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Thyroglobulin epitope recognition in a post iodine-supplemented Sri Lankan population

Okosieme, Onyebuchi E., Premawardhana, Lakdassa D. K. E., Jayasinghe, A., de Silva, D. G. H., Smyth, P. P. A., Parkes, Arthur Burnham, Lejeune, P. J., Ruf, J. and Lazarus, John Henry 2003. Thyroglobulin epitope recognition in a post iodine-supplemented Sri Lankan population. Clinical Endocrinology 59 (2) , pp. 190-197. 10.1046/j.1365-2265.2003.01819.x

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objective We previously reported a high prevalence of raised thyroglobulin autoantibodies (TgAb) in apparently healthy Sri Lankan schoolgirls following salt iodination. To characterize these antibodies further we determined the epitopes on thyroglobulin (Tg) with which they react and compared these with serum obtained from both healthy subjects and established autoimmune thyroid disease (AITD) patients from the UK. To extend our study to a wider population within Sri Lanka, we in addition determined the epitopes recognized by a group of AITD patients selected from a thyroid clinic in Sri Lanka, as well as apparently healthy female Sri Lankan tea workers of distinct ethnicity from the schoolgirls and AITD patients. design Sri Lankan schoolgirls (n = 282) and adult female tea estate workers (n = 208) were examined for thyroid autoimmune markers. Sera with high TgAb (> 98 kIU/l) were selected from these two groups (n = 36 and 45, respectively) to study epitope-binding patterns. We also examined the sera from 16 AITD patients attending a thyroid clinic in Colombo, 16 patients with AITD from the thyroid clinic at the University Hospital of Wales and 16 sera from healthy control UK women with no evidence of thyroid disease. To determine the epitopes on Tg recognized by the subjects’ TgAb, we employed a panel of Tg mouse monoclonal antibodies labelled with alkaline phosphatase in a competitive enzyme-linked immunosorbent assay reaction with the subjects’ serum. results and conclusions A majority of the Sri Lankan schoolgirls did not react with the immunodominant epitopes and did not differ significantly from healthy subjects from the UK in their Tg epitope recognition pattern. On the other hand, tea estate workers and Sri Lankan AITD patients recognized typical autoimmune thyroid disease epitopes and, in addition, recognized a separate cluster not previously associated with either the autoimmune state or the healthy state. The significance of this cluster requires further clarification.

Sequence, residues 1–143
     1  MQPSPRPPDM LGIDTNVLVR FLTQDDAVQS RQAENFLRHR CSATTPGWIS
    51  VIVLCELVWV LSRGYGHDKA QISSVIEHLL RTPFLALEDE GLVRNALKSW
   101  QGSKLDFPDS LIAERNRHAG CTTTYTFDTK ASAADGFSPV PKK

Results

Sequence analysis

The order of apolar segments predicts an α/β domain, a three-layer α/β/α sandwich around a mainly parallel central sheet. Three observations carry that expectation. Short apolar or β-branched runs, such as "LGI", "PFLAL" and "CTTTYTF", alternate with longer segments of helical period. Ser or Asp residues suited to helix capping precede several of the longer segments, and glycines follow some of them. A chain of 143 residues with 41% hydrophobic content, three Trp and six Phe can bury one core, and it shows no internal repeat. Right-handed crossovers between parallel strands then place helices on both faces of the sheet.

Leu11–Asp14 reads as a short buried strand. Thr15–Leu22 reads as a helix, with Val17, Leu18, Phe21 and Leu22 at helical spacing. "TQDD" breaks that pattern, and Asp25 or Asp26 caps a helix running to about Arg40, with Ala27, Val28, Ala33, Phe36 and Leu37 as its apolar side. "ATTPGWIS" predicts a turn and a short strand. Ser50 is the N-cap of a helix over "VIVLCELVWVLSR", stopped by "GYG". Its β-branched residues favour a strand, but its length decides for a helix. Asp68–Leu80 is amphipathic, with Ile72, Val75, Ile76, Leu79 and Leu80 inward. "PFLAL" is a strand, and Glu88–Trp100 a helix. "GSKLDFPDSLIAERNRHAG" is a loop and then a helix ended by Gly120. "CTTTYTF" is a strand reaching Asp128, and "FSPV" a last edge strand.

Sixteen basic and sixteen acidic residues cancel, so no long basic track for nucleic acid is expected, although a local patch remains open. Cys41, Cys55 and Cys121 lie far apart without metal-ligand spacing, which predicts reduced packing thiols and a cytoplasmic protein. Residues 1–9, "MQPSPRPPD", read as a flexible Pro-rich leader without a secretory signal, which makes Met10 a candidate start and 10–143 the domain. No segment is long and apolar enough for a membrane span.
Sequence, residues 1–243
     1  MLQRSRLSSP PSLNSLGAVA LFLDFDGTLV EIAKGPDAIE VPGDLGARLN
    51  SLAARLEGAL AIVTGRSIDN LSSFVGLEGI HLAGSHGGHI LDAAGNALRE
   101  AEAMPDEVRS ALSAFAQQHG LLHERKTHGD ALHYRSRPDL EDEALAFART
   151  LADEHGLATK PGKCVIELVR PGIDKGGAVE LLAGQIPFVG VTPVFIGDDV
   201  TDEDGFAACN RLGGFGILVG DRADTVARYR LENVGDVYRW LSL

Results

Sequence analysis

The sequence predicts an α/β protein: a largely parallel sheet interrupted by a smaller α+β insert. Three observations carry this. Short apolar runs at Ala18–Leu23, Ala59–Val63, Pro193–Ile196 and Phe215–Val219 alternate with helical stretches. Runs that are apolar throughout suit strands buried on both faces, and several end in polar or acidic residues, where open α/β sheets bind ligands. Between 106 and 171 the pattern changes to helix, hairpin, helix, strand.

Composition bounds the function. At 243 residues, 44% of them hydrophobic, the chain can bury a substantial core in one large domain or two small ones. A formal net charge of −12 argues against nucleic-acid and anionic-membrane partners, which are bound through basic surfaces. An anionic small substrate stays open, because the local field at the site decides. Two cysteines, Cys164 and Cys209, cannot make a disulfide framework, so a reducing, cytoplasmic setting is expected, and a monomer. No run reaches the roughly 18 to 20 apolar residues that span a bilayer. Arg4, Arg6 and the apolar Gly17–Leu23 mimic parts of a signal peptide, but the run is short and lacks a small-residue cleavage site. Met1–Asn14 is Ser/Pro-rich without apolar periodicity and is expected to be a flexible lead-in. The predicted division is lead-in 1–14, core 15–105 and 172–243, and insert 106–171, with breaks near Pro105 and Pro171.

Item Type: Article
Date Type: Publication
Status: Published
Schools: Medicine
Subjects: R Medicine > RM Therapeutics. Pharmacology
Publisher: Wiley-Blackwell
ISSN: 0300-0664
Last Modified: 30 Jun 2017 02:27

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